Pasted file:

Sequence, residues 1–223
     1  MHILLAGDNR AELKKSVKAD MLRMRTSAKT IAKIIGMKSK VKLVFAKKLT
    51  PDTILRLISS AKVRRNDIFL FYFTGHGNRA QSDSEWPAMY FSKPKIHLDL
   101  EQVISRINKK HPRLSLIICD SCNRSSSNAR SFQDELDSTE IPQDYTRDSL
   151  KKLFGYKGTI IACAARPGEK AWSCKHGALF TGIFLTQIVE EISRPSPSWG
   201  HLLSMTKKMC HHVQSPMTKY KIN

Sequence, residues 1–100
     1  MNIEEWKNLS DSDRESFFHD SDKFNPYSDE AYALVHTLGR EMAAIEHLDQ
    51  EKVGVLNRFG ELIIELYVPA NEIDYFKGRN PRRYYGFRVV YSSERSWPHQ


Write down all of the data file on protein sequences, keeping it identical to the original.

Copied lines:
Sequence, residues 1–223
     1  MHILLAGDNR AELKKSVKAD MLRMRTSAKT IAKIIGMKSK VKLVFAKKLT
    51  PDTILRLISS AKVRRNDIFL FYFTGHGNRA QSDSEWPAMY FSKPKIHLDL
   101  EQVISRINKK HPRLSLIICD SCNRSSSNAR SFQDELDSTE IPQDYTRDSL
   151  KKLFGYKGTI IACAARPGEK AWSCKHGALF TGIFLTQIVE EISRPSPSWG
   201  HLLSMTKKMC HHVQSPMTKY KIN

Sequence, residues 1–100
     1  MNIEEWKNLS DSDRESFFHD SDKFNPYSDE AYALVHTLGR EMAAIEHLDQ
    51  EKVGVLNRFG ELIIELYVPA NEIDYFKGRN PRRYYGFRVV YSSERSWPHQ